No visa is required for U.S. citizens to visit Macau or Hong Kong. For citizens of mainland China, a visa is required. For each entry into mainland China a visa is required. If you are already in mainland China, you may enter Hong Kong or Macau, but you will need another visa to get back into the mainland. For passport and visa purposes, both Hong Kong and Macau should be thought of as separate countries from the rest of China.
You can get to Macau by air, sea, or land. By land, there are two border crossing points from mainland China. By sea, there are frequent and convenient high-speed ferry crossings from Hong Kong. The Hong Kong terminal is centrally located near the Sheung Wan subway stop, the western terminus of the blue line. Ferries depart about every 15 minutes. Seats in the economy section range from HK$ 138 to 172, and "super class" ranges from HK$ 240 to 271, depending on the day of the week and time of day. The difference between the two classes is like the difference between coach and first class on a domestic U.S. flight, or coach and business on an international flight. Super class service comes with a simple boxed meal. The ferry trip takes almost exactly one hour. If that is too long, there is also helicopter service from Hong Kong, at significant additional expense. Macau also has an international airport that services about 15 cities in China and other parts of south eastern Asia. When I went I took the Hong Kong ferry.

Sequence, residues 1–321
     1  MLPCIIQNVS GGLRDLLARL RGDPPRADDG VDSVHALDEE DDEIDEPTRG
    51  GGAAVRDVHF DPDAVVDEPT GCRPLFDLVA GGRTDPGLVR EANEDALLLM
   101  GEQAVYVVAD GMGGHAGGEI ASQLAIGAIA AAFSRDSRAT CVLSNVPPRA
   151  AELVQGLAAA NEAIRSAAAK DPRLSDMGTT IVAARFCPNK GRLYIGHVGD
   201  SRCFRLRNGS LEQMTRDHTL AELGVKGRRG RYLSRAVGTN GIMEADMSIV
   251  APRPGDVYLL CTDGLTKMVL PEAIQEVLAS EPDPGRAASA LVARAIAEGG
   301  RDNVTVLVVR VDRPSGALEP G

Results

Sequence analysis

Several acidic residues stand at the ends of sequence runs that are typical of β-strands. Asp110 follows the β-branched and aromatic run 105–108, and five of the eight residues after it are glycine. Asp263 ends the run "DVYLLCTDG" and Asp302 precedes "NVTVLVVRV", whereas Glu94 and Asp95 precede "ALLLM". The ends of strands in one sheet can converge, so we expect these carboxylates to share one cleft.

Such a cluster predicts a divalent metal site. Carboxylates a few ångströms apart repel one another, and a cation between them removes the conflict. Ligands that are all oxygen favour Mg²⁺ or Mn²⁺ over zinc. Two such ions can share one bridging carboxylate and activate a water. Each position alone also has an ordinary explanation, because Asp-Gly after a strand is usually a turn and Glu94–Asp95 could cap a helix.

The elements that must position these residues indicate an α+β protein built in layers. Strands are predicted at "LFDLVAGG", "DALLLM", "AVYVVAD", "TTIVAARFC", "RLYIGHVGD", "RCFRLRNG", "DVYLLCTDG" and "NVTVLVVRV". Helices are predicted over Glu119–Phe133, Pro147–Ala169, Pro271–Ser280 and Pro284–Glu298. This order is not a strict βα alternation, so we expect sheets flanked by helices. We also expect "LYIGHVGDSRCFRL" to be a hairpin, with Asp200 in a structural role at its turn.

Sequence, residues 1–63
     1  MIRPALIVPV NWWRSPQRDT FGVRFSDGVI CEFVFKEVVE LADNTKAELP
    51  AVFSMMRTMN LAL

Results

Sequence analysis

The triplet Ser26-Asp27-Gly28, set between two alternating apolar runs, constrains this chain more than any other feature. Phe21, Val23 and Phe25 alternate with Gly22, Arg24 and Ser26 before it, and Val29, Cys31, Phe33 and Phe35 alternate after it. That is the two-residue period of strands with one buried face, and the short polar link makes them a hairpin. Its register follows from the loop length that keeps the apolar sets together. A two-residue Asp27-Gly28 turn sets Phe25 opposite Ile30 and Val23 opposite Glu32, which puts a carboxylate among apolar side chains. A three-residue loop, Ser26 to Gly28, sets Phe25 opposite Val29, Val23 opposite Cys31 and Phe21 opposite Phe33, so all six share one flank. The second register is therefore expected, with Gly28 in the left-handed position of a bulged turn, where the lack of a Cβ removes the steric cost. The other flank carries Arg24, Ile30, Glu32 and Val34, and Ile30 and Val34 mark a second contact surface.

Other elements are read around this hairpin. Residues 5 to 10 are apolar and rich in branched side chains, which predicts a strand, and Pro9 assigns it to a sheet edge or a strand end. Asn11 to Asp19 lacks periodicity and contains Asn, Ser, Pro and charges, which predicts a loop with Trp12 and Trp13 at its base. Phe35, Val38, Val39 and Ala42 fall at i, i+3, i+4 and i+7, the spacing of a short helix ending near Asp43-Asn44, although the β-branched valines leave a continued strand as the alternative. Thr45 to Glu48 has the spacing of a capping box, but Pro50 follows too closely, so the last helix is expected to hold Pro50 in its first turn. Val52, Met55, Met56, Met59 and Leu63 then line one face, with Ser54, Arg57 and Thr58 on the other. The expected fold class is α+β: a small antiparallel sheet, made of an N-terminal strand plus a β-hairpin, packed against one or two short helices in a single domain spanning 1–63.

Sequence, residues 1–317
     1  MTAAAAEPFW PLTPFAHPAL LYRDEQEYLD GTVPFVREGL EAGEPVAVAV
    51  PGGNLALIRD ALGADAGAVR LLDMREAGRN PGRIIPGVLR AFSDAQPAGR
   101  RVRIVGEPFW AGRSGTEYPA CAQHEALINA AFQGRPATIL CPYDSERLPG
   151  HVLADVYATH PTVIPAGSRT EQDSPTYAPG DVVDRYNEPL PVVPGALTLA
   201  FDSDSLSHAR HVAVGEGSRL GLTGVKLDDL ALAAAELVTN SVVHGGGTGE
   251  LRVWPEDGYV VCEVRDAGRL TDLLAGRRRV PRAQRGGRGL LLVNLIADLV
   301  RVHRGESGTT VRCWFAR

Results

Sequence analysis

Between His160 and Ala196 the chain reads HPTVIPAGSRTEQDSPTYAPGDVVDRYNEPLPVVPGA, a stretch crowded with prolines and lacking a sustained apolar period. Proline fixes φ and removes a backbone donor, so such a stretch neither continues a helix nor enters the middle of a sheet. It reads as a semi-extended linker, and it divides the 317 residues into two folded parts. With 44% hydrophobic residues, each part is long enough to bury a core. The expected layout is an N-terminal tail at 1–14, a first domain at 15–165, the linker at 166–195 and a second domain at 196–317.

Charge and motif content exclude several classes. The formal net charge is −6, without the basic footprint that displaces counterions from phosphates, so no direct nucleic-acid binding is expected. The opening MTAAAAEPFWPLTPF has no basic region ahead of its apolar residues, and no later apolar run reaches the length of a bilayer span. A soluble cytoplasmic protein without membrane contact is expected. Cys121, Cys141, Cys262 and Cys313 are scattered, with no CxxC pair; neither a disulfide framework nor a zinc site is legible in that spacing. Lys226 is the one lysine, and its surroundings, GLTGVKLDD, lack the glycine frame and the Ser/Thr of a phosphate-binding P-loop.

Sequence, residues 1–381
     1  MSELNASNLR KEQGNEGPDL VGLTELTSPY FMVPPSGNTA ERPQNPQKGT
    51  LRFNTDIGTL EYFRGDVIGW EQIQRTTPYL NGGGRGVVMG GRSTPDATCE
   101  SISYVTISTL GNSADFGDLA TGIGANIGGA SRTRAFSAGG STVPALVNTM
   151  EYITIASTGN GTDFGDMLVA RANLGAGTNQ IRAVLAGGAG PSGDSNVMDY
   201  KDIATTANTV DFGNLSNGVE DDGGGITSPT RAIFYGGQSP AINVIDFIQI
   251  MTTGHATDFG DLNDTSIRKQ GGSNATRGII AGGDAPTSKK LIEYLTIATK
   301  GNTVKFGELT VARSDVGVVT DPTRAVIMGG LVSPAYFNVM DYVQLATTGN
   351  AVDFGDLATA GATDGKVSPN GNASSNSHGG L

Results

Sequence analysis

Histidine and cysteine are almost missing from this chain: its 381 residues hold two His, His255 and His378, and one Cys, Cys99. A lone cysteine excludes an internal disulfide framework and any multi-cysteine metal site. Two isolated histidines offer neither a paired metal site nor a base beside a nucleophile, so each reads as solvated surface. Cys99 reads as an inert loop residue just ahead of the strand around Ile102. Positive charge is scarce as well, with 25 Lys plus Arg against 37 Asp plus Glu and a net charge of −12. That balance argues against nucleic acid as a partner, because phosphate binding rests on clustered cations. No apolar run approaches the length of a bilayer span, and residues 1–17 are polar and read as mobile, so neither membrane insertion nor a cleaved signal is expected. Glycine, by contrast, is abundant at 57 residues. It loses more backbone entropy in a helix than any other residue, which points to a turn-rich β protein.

If you take the ferry to Macau all the major casinos provide free shuttle bus service. When you exit the ferry terminal on the Macau side, turn left and you will see the shuttle busses. Just look for the one to the casino you are going to. Signage may indicate you need a reservation, but when I boarded the Wynn bus no questions were asked. Macau is a small territory and all the casinos are within a 15 minute drive from the ferry.
I hear that since I left ferry service has been added between Hong Kong and Taipa, with 20 round trips per day.